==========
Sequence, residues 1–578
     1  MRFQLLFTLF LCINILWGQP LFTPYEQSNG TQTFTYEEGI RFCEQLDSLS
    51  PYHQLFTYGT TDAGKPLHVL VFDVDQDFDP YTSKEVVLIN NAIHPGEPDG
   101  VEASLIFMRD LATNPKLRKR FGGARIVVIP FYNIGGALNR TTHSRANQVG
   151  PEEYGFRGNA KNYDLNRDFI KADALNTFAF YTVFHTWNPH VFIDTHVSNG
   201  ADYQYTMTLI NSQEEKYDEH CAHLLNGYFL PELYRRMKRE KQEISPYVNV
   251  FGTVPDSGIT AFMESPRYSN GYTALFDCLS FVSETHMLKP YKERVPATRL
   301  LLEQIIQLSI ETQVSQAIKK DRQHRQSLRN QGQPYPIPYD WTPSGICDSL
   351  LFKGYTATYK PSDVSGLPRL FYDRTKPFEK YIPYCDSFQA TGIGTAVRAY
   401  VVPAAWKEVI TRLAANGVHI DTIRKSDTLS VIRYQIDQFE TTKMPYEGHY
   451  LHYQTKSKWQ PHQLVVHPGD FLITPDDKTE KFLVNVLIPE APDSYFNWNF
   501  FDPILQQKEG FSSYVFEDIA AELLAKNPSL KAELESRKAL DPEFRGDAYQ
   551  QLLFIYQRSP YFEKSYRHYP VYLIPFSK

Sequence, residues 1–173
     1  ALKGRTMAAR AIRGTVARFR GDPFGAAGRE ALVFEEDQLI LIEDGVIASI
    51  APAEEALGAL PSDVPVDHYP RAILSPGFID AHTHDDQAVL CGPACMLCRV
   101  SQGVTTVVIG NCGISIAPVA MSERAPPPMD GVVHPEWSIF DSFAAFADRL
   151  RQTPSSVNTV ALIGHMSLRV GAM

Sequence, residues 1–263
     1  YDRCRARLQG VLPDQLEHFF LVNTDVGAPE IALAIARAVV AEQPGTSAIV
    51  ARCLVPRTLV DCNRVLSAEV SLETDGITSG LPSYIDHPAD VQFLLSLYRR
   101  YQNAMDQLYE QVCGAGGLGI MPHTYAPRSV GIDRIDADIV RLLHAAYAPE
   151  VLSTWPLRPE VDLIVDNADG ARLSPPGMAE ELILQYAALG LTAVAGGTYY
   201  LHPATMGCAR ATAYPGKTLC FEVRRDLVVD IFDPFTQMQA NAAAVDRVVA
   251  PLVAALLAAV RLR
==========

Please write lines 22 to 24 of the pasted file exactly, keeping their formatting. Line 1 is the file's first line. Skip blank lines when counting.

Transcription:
   101  YQNAMDQLYE QVCGAGGLGI MPHTYAPRSV GIDRIDADIV RLLHAAYAPE
   151  VLSTWPLRPE VDLIVDNADG ARLSPPGMAE ELILQYAALG LTAVAGGTYY
   201  LHPATMGCAR ATAYPGKTLC FEVRRDLVVD IFDPFTQMQA NAAAVDRVVA